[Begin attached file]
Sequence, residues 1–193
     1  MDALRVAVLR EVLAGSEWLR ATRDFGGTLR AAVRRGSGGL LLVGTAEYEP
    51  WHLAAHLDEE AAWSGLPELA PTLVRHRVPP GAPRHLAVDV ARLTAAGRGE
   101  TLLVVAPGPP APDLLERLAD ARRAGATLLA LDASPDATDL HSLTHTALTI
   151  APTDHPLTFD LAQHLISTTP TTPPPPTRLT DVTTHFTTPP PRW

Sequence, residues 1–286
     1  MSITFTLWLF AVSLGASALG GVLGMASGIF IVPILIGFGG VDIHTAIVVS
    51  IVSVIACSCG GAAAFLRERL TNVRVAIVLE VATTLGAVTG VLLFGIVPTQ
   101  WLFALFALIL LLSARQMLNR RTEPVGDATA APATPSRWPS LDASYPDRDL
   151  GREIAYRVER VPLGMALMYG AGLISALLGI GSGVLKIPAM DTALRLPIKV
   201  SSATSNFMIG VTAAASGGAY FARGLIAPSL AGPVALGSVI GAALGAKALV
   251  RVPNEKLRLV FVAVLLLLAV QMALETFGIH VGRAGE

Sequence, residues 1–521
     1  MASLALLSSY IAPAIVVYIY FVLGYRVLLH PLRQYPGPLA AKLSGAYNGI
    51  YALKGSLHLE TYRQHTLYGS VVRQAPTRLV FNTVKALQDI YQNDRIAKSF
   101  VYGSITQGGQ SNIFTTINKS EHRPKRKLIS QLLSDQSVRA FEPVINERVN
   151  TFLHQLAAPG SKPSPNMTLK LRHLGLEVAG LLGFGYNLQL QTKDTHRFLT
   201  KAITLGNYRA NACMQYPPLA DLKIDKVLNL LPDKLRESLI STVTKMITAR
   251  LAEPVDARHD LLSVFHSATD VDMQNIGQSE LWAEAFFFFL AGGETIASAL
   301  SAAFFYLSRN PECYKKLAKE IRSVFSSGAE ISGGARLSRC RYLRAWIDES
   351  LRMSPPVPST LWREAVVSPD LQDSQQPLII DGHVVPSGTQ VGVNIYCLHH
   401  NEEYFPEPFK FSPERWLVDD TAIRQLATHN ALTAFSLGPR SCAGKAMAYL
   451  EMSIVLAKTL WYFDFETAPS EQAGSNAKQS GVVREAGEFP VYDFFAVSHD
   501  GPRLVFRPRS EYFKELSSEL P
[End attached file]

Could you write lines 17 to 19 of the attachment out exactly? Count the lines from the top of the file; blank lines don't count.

   151  TFLHQLAAPG SKPSPNMTLK LRHLGLEVAG LLGFGYNLQL QTKDTHRFLT
   201  KAITLGNYRA NACMQYPPLA DLKIDKVLNL LPDKLRESLI STVTKMITAR
   251  LAEPVDARHD LLSVFHSATD VDMQNIGQSE LWAEAFFFFL AGGETIASAL